In the 14th century Snap was the smallest settlement in the parish, and one of the poorest in the county; there were 19 poll-tax payers in 1377.
In the early 17th century there was a row of five cottages along the southern side of the valley. There may have been a cottage nearby at Woodsend in the early 16th century.
In 1773 there were between 5 and 10 houses at Snap, about half as many at Woodsend, and Leigh Farm between them.
Woodsend expanded in the early 19th century; c. 1850 it included sixteen cottages, and a chapel and a school were built. The population in 1851, including that of Leigh Farm, was 84; at Snap there were 41 inhabitants.
Agricultural changes led to the desertion of Snap soon after 1900. In 1909 there were only two residents. Most of the houses were destroyed by Army gunnery practice during the First World War, although an uninhabited farmhouse still stood in the 1930s. Rubble marked the sites of houses in 1982. At Woodsend the school and chapel were closed and several cottages abandoned in the early 20th century.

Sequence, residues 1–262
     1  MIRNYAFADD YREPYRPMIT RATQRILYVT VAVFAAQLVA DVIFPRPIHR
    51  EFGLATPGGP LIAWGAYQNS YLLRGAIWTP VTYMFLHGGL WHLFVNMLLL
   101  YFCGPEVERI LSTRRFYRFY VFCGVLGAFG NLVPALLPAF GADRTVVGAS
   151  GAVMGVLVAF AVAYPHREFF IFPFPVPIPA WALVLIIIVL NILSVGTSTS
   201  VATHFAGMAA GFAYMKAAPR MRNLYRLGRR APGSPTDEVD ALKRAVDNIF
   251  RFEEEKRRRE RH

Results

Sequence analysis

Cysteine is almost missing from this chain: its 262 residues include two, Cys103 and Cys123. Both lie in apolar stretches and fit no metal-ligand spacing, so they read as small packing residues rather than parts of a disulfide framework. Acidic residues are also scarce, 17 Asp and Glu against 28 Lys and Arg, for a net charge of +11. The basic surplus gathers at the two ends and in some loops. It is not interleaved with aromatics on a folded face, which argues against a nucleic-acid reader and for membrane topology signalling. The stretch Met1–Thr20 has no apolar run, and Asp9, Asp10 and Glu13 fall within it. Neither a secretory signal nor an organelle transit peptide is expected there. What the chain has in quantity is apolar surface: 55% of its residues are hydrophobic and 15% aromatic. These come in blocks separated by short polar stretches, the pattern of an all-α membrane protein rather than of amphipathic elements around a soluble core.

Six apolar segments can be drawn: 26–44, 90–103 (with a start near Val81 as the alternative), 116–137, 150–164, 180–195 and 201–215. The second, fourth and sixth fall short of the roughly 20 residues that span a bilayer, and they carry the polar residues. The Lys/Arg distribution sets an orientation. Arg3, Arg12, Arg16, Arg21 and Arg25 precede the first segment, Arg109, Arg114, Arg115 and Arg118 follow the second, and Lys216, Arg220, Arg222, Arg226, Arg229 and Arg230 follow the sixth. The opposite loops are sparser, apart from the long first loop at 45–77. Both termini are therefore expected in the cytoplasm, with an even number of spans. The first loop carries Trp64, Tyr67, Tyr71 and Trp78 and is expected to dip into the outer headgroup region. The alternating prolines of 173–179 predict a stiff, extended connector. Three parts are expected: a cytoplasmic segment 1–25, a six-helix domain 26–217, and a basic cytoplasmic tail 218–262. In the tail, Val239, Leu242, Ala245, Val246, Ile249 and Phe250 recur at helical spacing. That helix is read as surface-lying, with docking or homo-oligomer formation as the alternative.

The Abandoned Communities website also have a few pages on Snap.